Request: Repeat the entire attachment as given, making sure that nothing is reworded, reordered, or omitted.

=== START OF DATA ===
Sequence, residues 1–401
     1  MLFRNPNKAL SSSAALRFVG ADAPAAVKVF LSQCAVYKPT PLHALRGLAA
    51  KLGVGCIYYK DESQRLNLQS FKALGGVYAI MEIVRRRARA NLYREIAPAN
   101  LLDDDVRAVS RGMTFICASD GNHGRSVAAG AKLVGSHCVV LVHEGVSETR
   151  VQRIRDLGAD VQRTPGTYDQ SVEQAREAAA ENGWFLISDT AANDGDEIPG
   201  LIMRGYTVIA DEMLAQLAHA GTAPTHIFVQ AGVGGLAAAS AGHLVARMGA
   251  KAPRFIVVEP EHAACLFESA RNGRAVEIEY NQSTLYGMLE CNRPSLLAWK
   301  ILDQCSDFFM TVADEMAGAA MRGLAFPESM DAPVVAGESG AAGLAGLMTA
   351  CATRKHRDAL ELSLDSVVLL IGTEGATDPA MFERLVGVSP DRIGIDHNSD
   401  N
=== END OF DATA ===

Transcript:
Sequence, residues 1–401
     1  MLFRNPNKAL SSSAALRFVG ADAPAAVKVF LSQCAVYKPT PLHALRGLAA
    51  KLGVGCIYYK DESQRLNLQS FKALGGVYAI MEIVRRRARA NLYREIAPAN
   101  LLDDDVRAVS RGMTFICASD GNHGRSVAAG AKLVGSHCVV LVHEGVSETR
   151  VQRIRDLGAD VQRTPGTYDQ SVEQAREAAA ENGWFLISDT AANDGDEIPG
   201  LIMRGYTVIA DEMLAQLAHA GTAPTHIFVQ AGVGGLAAAS AGHLVARMGA
   251  KAPRFIVVEP EHAACLFESA RNGRAVEIEY NQSTLYGMLE CNRPSLLAWK
   301  ILDQCSDFFM TVADEMAGAA MRGLAFPESM DAPVVAGESG AAGLAGLMTA
   351  CATRKHRDAL ELSLDSVVLL IGTEGATDPA MFERLVGVSP DRIGIDHNSD
   401  N